It’s a reoccurring question – especially this time of year. Our customers will call us up and say “I just received a shipment, help! How do I store my truffles so they stay fresh?” or “It’s 90 degrees here, how to I keep my Five Star Bar supply from melting?”
And we say “Good question!”
Here at Lake Champlain Chocolates, we monitor not only the temperature, but the humidity levels in our factory, warehouse and all of our stores to make sure the chocolate tastes just as good when it reaches the shelf, as it did right after it was made. We also have strict rules, prohibiting employees from wearing perfumes or strong-smelling shampoos, lotions, etc. Chocolate will absorb that lavender scent, and then, you get lavender-flavored chocolate. We’re adventurous, but not that adventurous.
So, while we go to great measures to monitor the environment our chocolate lives in with us, once it enters the world, it’s a little trickier to keep tabs on all of our bars, squares and handcrafted delights. We have some golden rules for you to follow when storing your chocolate at home.
Rule #1: Don’t put your chocolate in the refrigerator. Please. Like absorbing perfume, chocolate will absorb the odors of your fridge. Such as that leftover Chinese food. No one wants General Tso’s Chocolate. The fridge is also very humid. Humidity will cause bloom on chocolate – the white haze that can affect the appearance of chocolate. Let’s steer clear of that too.
Rule #2: Don’t put your chocolate in a pantry with lots of grains or fruits that will draw pests. Moths like chocolate just like they like old cereal and boxes of rice.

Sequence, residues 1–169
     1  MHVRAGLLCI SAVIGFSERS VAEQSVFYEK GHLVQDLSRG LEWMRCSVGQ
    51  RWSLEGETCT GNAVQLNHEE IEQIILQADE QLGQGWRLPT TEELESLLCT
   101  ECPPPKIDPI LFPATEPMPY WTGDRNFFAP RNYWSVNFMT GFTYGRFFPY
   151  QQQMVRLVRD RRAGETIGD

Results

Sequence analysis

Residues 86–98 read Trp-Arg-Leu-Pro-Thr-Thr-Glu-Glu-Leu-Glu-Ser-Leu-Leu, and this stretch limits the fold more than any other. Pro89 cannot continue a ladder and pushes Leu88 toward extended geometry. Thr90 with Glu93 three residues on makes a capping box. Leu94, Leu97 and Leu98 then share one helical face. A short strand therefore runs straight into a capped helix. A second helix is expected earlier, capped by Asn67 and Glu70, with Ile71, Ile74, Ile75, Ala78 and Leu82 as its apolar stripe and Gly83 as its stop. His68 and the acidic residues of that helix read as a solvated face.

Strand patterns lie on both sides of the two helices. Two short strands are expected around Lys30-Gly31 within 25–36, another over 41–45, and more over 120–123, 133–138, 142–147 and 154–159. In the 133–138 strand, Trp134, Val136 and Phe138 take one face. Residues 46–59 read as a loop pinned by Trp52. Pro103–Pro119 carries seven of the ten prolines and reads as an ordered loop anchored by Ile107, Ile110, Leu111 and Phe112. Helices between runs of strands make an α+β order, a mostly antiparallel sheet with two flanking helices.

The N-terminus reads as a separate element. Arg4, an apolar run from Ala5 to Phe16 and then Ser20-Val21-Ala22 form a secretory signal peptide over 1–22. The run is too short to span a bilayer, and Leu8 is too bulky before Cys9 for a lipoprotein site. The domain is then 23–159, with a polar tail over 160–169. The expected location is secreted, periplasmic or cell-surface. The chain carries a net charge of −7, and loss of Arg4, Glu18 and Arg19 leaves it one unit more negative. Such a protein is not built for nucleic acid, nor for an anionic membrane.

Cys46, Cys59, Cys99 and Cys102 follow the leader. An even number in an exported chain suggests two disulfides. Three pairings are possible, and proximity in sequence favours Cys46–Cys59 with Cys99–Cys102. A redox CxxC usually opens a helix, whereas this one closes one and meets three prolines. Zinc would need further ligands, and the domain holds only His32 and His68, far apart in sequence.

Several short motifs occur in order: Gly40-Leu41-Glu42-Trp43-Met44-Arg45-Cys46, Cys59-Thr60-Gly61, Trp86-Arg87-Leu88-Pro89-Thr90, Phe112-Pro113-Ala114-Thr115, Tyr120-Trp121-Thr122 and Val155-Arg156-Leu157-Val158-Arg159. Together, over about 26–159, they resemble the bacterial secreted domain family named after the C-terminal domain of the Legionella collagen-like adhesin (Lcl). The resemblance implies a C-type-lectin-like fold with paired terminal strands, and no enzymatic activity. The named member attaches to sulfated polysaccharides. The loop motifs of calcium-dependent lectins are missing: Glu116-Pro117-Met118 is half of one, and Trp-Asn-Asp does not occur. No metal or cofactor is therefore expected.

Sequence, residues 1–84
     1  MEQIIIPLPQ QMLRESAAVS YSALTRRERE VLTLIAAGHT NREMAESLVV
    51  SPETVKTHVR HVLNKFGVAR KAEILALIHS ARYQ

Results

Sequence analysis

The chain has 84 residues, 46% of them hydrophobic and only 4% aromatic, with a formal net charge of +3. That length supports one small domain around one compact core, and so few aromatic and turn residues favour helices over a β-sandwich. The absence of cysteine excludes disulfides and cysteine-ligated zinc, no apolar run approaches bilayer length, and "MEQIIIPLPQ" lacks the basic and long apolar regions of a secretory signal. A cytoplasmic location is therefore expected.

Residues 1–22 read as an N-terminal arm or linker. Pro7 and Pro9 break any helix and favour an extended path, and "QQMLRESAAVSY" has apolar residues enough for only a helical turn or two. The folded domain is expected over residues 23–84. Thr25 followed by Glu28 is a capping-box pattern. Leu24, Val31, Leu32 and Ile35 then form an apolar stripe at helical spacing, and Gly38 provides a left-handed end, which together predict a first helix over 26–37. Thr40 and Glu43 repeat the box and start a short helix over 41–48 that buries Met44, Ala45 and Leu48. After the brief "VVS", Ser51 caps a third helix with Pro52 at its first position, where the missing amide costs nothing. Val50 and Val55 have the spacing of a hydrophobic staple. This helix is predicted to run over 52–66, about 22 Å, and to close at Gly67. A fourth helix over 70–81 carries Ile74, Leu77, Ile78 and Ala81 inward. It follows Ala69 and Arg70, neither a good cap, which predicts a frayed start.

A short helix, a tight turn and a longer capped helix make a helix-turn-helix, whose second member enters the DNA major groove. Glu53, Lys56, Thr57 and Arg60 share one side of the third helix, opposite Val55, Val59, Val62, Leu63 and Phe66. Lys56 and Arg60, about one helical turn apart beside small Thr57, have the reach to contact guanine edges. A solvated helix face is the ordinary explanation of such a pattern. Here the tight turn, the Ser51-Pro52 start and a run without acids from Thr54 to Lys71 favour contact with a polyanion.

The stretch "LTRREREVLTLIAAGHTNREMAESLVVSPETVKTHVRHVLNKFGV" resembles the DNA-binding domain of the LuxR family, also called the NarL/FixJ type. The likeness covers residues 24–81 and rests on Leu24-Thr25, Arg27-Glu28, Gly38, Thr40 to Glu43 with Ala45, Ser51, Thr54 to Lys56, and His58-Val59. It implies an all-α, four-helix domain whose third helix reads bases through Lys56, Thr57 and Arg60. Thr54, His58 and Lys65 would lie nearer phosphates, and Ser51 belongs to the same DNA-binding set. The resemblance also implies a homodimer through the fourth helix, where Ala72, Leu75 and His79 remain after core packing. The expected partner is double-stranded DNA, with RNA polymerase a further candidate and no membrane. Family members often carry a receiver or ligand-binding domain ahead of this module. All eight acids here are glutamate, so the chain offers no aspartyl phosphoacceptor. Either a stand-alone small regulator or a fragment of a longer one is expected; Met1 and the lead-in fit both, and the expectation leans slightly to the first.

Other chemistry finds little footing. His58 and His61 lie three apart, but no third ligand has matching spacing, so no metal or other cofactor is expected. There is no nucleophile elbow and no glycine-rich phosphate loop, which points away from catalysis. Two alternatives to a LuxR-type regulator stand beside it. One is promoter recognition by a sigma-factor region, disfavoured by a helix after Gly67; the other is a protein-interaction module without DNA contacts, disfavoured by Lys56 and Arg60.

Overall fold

Rule #3: Don’t put your chocolate near a heat source. Like on top of the freezer, near a kitchen light or on a sunny window sill. Because we use pure cocoa butter to make our chocolate smooth and creamy, it will begin to melt at about 68 degrees. And while I’m talking numbers, the ideal humidity level is between 45%-55%.
Where can I store my chocolate? How about in a cool, dark cupboard. I keep my stash tucked in a deep serving bowl in a cabinet that only houses plates and bowls only – no food. It’s away from odors, not humid (and hidden for those times where a covert indulgence is a necessity). Or in the freezer? We recommend putting chocolate in an air-tight container before tucking it away next to the ice cream and frozen peas. Just bring it to room temperature in that container before you open it.
Here you go! A few simple rules to follow and you can make sure your Lake Champlain Chocolates stash stays as fresh and tasty as it did when you received it.